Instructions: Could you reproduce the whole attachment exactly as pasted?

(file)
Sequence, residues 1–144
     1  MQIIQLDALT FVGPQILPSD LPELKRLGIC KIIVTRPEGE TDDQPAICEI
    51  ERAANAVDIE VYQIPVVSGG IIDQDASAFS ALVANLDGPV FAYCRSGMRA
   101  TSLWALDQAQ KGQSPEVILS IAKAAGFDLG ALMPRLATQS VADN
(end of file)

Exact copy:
Sequence, residues 1–144
     1  MQIIQLDALT FVGPQILPSD LPELKRLGIC KIIVTRPEGE TDDQPAICEI
    51  ERAANAVDIE VYQIPVVSGG IIDQDASAFS ALVANLDGPV FAYCRSGMRA
   101  TSLWALDQAQ KGQSPEVILS IAKAAGFDLG ALMPRLATQS VADN